Does all of this give us licence to say that disability “should be” more common? “Should” might imply that I am making a moral judgement here, and certainly I think there is a moral argument for making sure that we are not deliberately excluding certain people from a veterinary career. However, there is also a practical argument – there is a pool of talent out there that the veterinary world is unable to draw upon, a wealth of potentially brilliant minds who we will never benefit from unless we change our attitudes.
Not only that, but we are losing those with personal experience of ill-health. I know that my chronic illness has made me a better vet, in terms of my ability to both understand my patients and relate to my clients, and I am sad to think that our profession may be inaccessible to others in my position.
More common than you might think?
|The Equality Act (2010) defines disability as “… a physical or mental impairment that has a ‘substantial’ and ‘long-term’ negative effect on your ability to do normal daily activities.”
As we have just discussed, “disability” is a broad umbrella covering a range of different health conditions. However, there are yet more of us in the veterinary community who are living with the daily consequences of chronic illness, yet do not fall under (or do not recognise they fall) under the legal definition of disabled.
Hard data on how many vets and RVNs are living with chronic illness is currently lacking, and one of the first priorities for British Veterinary Chronic Illness Support (BVICS) will be to try to establish this. Anecdotally we know of large numbers of people who are living and working with an illness in the profession, many of whom do not fall under the umbrella of disability.
What can we do about this?
Support our colleagues
It is hard working in the veterinary profession with a chronic illness or disability. The RCVS survey suggests that vets with disabilities have lower well-being scores and take longer to find their first role in practice than others. Work done by the BVA highlights the discrimination that we face from both clients and colleagues, and anecdotally we see this driving people away from the profession, or at least from clinical practice (BVA, 2019).
Take the time to listen to your colleagues who are living with chronic illness. Do not assume you understand what our lives are like – it is all too easy to draw incorrect parallels with your own experiences, or other people you know, or even with our non-human patients.
Take the time to listen to your colleagues who are living with chronic illness … Support them in practical ways. They may need changes in the way they work (what the law calls “reasonable adjustments”) which could lead to resentment from colleagues for their “special treatment”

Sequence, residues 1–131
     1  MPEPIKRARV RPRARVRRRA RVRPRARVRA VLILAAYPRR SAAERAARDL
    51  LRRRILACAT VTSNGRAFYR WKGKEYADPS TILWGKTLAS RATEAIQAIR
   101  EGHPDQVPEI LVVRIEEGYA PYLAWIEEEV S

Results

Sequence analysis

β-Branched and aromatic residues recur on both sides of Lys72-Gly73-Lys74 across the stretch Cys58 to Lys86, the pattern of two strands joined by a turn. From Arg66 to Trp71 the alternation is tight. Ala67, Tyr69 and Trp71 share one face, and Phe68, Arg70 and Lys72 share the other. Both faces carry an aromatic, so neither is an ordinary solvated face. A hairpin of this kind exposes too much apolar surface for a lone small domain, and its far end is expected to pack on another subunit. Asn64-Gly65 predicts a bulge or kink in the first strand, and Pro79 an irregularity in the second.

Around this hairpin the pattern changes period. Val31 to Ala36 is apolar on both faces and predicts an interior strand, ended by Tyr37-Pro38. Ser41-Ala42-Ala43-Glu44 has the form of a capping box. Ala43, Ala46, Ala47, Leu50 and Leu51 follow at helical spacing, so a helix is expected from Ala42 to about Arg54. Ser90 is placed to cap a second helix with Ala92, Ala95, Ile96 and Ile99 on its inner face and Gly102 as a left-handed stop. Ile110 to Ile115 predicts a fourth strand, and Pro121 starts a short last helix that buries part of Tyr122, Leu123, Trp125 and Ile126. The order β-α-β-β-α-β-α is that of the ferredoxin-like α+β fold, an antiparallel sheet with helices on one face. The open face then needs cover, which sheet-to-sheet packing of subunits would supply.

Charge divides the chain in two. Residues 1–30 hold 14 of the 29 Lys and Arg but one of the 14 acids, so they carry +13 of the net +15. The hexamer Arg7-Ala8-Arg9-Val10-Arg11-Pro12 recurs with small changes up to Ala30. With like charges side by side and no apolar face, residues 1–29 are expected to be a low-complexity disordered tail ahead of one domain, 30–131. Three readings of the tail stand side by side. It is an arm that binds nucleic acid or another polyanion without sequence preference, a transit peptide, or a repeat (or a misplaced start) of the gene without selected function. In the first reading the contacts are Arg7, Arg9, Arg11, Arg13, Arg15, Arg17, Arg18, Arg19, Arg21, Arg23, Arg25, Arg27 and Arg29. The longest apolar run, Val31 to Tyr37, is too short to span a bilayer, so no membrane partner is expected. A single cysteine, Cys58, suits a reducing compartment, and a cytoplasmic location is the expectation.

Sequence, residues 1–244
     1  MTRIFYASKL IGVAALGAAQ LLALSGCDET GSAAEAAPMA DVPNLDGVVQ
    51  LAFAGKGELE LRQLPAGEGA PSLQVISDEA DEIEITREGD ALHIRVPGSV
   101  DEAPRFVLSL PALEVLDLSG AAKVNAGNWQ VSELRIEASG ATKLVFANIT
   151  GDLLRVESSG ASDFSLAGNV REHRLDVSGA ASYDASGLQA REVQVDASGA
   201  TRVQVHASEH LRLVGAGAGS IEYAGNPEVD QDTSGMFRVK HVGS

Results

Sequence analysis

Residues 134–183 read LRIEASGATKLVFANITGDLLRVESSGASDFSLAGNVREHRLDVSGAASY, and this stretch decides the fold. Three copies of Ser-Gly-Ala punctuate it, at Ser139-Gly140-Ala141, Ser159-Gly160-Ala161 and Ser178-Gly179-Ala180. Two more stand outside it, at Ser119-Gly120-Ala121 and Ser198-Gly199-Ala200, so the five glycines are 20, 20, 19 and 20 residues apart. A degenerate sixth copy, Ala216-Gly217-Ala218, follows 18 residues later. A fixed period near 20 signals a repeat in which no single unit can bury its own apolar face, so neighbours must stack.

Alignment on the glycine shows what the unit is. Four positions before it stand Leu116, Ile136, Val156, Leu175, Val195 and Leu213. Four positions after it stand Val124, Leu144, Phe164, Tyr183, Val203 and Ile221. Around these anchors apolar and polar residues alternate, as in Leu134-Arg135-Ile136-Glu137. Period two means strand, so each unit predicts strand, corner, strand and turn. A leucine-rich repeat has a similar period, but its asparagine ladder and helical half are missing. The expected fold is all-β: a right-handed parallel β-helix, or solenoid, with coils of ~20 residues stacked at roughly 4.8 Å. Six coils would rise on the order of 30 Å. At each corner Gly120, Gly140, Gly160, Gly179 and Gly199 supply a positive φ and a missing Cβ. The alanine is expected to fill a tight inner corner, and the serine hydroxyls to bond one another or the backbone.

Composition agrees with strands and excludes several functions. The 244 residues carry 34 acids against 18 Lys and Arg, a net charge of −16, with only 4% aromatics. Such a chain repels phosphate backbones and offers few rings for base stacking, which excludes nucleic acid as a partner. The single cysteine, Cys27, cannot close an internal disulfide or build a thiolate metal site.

Support them in practical ways. They may need changes in the way they work (what the law calls “reasonable adjustments”) which could lead to resentment from colleagues for their “special treatment”. Remember that the better you can support us, the more effectively we can manage our illnesses, and the better we will be able to do our jobs.
When people feel unsafe sharing the challenges they face, they may push themselves beyond what is wise or safe, leading to a “boom and bust” cycle as they crash shortly after. Work to create a culture of openness and support around health issues within your practice, which will benefit everyone. The BVA Good Workplace Guidelines have a wealth of resources to help you with this.
Students with long-term health conditions may find it harder to get placements in practices which can be flexible or provide for their needs. Consider how your practice books placements (could you offer half days? Days off?) and be open to any adjustments students might need while they are with you.
Widen access to the profession
In order to be a truly inclusive profession, we must make sure it is accessible to all. Currently it can be hard for students with health conditions to gain access to and complete veterinary training (whether vet or RVN)
In order to be a truly inclusive profession, we must make sure it is accessible to all. Currently it can be hard for students with health conditions to gain access to and complete veterinary training (whether vet or RVN). Part of the RCVS’s legislative reform programme is looking at changes that may help (or hinder) this, and voices within the veterinary community can help to ensure these changes are for the good (Cawston, 2021).
Closer to home, consider your approach to school-age students looking for experience. Are you unwittingly raising barriers to certain applicants? Or are you a practice that can inspire and train all kinds of future vets and nurses?